Rep. Mike Noel, unsurprisingly, blasted the court's decision as representing "faceless, nameless, unaccountable bureaucracy in Washington, D.C., who thinks they can hold sway over a sovereign state."
Noel's outrage reflects the Sagebrush Rebellion mindset that's slowly dying out as Westerners realize that natural resources aren't infinite, that complete lack of regulation leads most often to chaos. Their viewpoint was described astutely two decades ago by writer Wallace Stegner: “Westerners who would like to return to the old days of free grab, people of the kind described as having made America great by their initiative and energy in committing mass trespass on the minerals, grass, timber and water of the Public Domain, complain that no Western state is master in its own house.”
Even here in the boondocks, far from any place that Fox News has ever covered, it's impossible to escape the publicity about the impending "Tea Party on Tax Day."
First came a robocall on Saturday; a husky male voice advised me to "show that you care about our country" by "attending a Tea Party on April 15."
This morning I learned that there will be one just a few blocks away from my house. The local newspaper carried an ad, paid for by the Chaffee County Republican Central Committee, inviting me to "Join Us For a Teaparty/Taxpayer Protest Wed. April 15 at 3rd & D Streets 5-7pm."
Above the invitation was a headline, "Why the Rich Get Tax Cuts," followed by a list of income brackets and rates which implied that the rich, such as the top 1 percent of earners, were suffering from serious oppression as they were paying 40 percent of America's income taxes.
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In an ideal world, we'd be able to stash most of our planet-warming carbon dioxide emissions in underground formations, where they would turn to stone. As High Country News has reported in the past, the carbon in C02 can be incorporated into calcium carbonate, or limestone, through chemical reactions. That's a good thing for climate change because calcium carbonate stores carbon for the long haul. Few climatologists lie awake at night worrying that limestone will bubble out of the ground and into the atmosphere.Read More ...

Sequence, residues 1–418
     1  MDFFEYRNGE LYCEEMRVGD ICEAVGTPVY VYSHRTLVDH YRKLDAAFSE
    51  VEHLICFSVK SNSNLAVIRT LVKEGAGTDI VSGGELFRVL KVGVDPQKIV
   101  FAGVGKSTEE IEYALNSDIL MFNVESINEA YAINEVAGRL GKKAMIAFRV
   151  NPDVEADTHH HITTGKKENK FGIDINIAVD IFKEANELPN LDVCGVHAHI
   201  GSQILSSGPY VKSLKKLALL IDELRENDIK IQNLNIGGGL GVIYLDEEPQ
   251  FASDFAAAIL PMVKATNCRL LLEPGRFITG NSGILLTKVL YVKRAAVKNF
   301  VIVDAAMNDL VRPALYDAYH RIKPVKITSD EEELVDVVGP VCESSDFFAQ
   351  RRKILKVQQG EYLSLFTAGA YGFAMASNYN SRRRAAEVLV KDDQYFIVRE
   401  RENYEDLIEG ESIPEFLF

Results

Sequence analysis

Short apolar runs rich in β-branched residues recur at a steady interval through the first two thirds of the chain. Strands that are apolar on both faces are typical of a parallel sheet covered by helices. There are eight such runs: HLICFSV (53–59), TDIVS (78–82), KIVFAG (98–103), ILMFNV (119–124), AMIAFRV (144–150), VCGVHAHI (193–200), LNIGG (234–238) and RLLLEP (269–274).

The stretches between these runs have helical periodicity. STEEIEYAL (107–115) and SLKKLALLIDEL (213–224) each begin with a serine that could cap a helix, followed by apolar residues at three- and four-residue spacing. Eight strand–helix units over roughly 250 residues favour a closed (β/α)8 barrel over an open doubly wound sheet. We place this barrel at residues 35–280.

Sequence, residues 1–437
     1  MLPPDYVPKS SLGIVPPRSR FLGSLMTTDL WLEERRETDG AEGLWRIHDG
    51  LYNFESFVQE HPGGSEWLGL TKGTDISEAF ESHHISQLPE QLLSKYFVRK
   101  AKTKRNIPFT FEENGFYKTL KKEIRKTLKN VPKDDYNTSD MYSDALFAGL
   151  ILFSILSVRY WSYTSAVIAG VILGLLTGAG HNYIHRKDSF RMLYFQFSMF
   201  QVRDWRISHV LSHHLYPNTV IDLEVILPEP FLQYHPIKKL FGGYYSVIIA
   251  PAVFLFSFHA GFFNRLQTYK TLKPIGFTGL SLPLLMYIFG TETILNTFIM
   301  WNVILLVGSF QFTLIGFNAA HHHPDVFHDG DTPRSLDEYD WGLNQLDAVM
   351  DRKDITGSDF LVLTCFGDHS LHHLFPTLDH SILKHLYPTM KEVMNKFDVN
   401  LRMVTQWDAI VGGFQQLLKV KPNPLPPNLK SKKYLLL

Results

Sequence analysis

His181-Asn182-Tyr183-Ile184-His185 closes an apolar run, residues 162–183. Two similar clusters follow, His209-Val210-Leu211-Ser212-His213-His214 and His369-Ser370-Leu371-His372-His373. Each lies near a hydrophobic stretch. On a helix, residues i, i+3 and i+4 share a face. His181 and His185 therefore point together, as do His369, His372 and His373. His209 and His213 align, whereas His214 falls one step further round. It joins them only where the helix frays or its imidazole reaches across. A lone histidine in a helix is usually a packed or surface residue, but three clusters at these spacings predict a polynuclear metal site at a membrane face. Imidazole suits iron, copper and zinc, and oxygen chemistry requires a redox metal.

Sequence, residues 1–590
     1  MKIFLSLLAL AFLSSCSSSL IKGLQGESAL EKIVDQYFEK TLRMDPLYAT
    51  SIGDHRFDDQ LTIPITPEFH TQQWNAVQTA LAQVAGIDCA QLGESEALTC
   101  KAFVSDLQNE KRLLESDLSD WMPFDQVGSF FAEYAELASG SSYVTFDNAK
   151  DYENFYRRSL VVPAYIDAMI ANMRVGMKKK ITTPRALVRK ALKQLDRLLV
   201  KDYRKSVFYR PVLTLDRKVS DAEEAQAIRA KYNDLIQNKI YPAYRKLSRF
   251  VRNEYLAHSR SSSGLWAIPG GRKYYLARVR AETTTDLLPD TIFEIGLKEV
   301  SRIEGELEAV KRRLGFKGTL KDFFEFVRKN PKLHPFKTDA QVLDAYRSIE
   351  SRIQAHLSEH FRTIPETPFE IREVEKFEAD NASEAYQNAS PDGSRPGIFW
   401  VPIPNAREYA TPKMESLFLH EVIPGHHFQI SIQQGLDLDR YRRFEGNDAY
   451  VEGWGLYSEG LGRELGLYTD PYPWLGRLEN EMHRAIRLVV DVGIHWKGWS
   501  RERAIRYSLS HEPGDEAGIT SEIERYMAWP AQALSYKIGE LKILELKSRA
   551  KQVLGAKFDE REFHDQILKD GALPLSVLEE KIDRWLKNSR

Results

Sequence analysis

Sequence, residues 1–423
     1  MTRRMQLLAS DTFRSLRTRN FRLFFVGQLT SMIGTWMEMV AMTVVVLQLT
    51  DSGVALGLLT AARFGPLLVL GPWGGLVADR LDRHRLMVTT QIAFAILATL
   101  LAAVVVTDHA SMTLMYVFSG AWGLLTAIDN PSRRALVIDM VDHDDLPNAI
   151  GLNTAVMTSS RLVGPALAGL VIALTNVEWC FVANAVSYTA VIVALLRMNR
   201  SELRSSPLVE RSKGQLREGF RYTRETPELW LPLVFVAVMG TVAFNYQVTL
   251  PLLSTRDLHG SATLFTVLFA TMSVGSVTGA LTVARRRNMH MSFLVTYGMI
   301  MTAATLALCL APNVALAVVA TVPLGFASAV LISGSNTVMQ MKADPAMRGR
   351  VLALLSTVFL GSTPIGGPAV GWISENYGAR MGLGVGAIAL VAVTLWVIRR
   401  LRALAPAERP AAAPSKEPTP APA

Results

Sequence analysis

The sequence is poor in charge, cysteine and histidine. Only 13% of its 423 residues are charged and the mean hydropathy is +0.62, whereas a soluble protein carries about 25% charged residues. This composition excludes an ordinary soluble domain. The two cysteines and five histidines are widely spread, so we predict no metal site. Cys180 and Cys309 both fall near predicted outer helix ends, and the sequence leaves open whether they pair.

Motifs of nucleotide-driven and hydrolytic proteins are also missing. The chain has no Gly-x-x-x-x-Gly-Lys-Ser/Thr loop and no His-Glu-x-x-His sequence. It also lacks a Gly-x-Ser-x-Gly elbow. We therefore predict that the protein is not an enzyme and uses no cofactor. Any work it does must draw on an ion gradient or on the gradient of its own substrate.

Today and tomorrow only, fellow intern Terray Sylvester and I will be guest blogging at the National Recreation & Parks Association Blog. The forum is called Y Become Involved?
Basically, we'll be discussing a big issue that public lands are facing: How to get young people involved in parks, recreation, and conservation activities. As with industries like farming and fisheries, parks are experiencing a "graying" trend. That means the average age of their employees is getting older and older, which is a problem if conservation and land ethic are to remain top priorities.
Drop by the blog, have a glass of ice tea and give us a few comments. I'm sure all you High Country News readers have a fair bit to say!
It's National Library Week (April 12 - 18), and here in HCN's hometown of Paonia, Colo. we just celebrated the opening of our brand-new public library. After 5 years of hard work, the old, dingy, 3,700-square-foot library has been replaced by an 8,000-square-foot building with tall windows that let in plenty of light and a view of the mountains. The chairs are comfy, the kid's corner welcoming.
I remember small towns by their libraries: The moss-covered cottage in Inverness, Calif., where I curled up on the window seat and worked on my thesis for a week; the old train depot in Lyons, Colo., with the moldy collection of historic silverplates that made me sneeze. Anyone who grew up in a small, rural town knows how important these oases are. They provide crucial access to the internet, and many other services like ESL and literacy classes. They are havens for difference and intellectual growth in sometimes harsh, inhospitable surroundings. They are often poorly funded and staffed, with erratic hours.